“The trip is very long. They [the family] can’t visit,” he explains, tearing up. Maria is able to visit twice a week, despite her responsibilities at home, including caring for their nine-month-old baby. Esther’s other brothers and sisters are still in elementary school, except for her older sister, who helps her mother in the house.
Don Segundo passes his time at the hospital with Esther. He helps her sip liquids, keeps her company throughout the boredom of waiting to be better, adjusts her many layers of warm clothing, and meets with doctors. Since he is now primary caretaker of Esther, Don Segundo relocated to a small, one-room apartment about an hour and a half away from the hospital. It costs him $45.00 per month.
When I ask about the family’s financial security, he responds honestly, “I am very worried. I have not been able to sleep or eat because of it, without a job.”
Luckily, the government will be providing relief for their situation come the end of December in the form a salary for Esther’s needs. The salary will include coverage for Esther’s clothing, food, medicines, and transportation for family visits.
However, at first, there were obstacles. When MEDLIFE Ecuador Director Martha Chicaiza first learned of the family’s financial difficulties in October, she was told by government officials that they would have to wait six months to begin receiving aid. But waiting so long was risky for Esther’s condition, so she wrote a letter to the office of the Vice President stating her disappointment with their lack of immediate coverage for families facing catastrophic illnesses. Two weeks ago, Martha was invited to a meeting at the Vice President’s office. The government then agreed to provide a monthly stipend for Esther’s family.
Despite the stress of these changing conditions, Don Segundo dutifully cares for Esther. When a scarf is uncomfortably balled up underneath her, he rushes to reposition it. When she limply holds a juice box of Avena, a sweetened oat drink, he encourages her to drink more.
Esther speaks in nearly a whisper. Her dark brown eyes smile when her mouth does not. A cotton mask for her mouth sits crumpled beneath her chin. She has a strong brow and high cheek bones that lend a regal air to her small frame.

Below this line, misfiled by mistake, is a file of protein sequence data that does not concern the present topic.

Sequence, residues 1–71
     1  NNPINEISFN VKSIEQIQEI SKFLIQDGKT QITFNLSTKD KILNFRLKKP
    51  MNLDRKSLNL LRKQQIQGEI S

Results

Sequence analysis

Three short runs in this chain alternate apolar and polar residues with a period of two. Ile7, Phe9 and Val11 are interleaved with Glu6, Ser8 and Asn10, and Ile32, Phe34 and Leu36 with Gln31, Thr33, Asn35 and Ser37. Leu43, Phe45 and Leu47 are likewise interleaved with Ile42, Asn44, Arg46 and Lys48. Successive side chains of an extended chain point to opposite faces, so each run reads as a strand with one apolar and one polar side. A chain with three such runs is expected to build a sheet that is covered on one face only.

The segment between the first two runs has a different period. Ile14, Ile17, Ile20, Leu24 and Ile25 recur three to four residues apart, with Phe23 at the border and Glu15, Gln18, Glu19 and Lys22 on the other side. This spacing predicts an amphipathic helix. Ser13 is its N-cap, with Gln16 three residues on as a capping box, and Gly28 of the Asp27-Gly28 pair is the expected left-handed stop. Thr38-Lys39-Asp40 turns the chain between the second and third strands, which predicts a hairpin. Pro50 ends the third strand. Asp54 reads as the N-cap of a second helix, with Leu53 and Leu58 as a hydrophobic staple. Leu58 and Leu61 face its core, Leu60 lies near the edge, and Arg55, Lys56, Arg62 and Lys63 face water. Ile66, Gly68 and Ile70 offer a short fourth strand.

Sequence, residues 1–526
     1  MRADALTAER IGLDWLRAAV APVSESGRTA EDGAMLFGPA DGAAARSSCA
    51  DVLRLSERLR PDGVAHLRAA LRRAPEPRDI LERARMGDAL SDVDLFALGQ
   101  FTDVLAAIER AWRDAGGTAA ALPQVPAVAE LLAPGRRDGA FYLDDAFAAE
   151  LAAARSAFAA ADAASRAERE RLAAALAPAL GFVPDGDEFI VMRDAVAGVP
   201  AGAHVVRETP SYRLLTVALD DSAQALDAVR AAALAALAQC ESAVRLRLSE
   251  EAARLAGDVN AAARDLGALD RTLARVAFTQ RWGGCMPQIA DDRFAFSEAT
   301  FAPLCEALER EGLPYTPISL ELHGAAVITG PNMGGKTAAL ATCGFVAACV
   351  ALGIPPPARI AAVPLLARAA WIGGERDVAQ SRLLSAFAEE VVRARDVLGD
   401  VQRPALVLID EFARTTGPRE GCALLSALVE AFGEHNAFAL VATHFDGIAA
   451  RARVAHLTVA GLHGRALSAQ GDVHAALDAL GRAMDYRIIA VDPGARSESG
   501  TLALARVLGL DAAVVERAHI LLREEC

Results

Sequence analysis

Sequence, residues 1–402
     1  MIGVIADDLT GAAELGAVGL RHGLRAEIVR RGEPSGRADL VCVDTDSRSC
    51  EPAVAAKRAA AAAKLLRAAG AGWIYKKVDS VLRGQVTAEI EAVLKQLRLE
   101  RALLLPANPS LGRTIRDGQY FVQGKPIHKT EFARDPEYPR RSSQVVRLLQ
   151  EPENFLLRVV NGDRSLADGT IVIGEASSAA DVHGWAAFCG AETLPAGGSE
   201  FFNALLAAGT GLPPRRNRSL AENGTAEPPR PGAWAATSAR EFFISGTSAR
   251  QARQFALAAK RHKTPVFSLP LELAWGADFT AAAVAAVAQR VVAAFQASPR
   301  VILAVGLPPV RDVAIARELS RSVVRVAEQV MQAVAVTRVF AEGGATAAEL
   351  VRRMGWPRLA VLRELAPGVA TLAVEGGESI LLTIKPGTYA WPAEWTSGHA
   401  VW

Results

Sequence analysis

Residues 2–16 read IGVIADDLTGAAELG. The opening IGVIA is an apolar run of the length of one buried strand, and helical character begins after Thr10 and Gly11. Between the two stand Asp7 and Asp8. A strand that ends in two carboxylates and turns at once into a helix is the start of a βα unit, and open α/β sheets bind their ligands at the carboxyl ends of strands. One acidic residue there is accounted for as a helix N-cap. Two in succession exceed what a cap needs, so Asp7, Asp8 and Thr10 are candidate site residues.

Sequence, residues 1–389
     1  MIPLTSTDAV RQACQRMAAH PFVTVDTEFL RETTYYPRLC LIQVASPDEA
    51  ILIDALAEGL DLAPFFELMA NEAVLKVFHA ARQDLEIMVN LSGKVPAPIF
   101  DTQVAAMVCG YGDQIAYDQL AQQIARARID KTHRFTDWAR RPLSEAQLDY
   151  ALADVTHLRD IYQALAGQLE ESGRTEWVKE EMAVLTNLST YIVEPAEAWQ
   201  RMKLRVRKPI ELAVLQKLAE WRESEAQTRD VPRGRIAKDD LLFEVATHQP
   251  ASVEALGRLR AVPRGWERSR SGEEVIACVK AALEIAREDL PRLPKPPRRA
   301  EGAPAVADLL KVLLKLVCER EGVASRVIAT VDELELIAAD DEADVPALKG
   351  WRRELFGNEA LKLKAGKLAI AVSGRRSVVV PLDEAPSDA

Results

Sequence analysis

An old television blares colorful cartoons. A mother next to her tries to nurse a crying baby. Esther tells me that there are not a lot of children her age staying in the oncology wing. I gesture to two adolescent boys hooked up to machines across the room.
“Do you know them?”
“No,” she says, blankly.
She shifts, and reveals a wad of cotton taped over the back her left hand. Blood tests have become routine. Nothing much has happened today, though, she says.
Esther quietly tells me that her favorite color is pink. She does not have a favorite sport. She wishes to be a math teacher in an elementary school, but not in the countryside where she is from, but in a city like Quito because “it is more pretty” and more populated.
We are not allowed to take photographs in the wing, so Don Segundo sweeps Esther up over his shoulders like a bag of feathers.
As he carries her through the hospital towards the front door, Esther’s face erupts into a wide smile, he chin resting on his shoulder. She laughs, her freckled cheeks rising. It looks like the most fun she’s had in years.
MEDLIFE continues to follow up with Esther’s case, and will post updates as she progresses.
Rachel Hoffman is a MEDLIFE media intern based out of Riobamba, Ecuador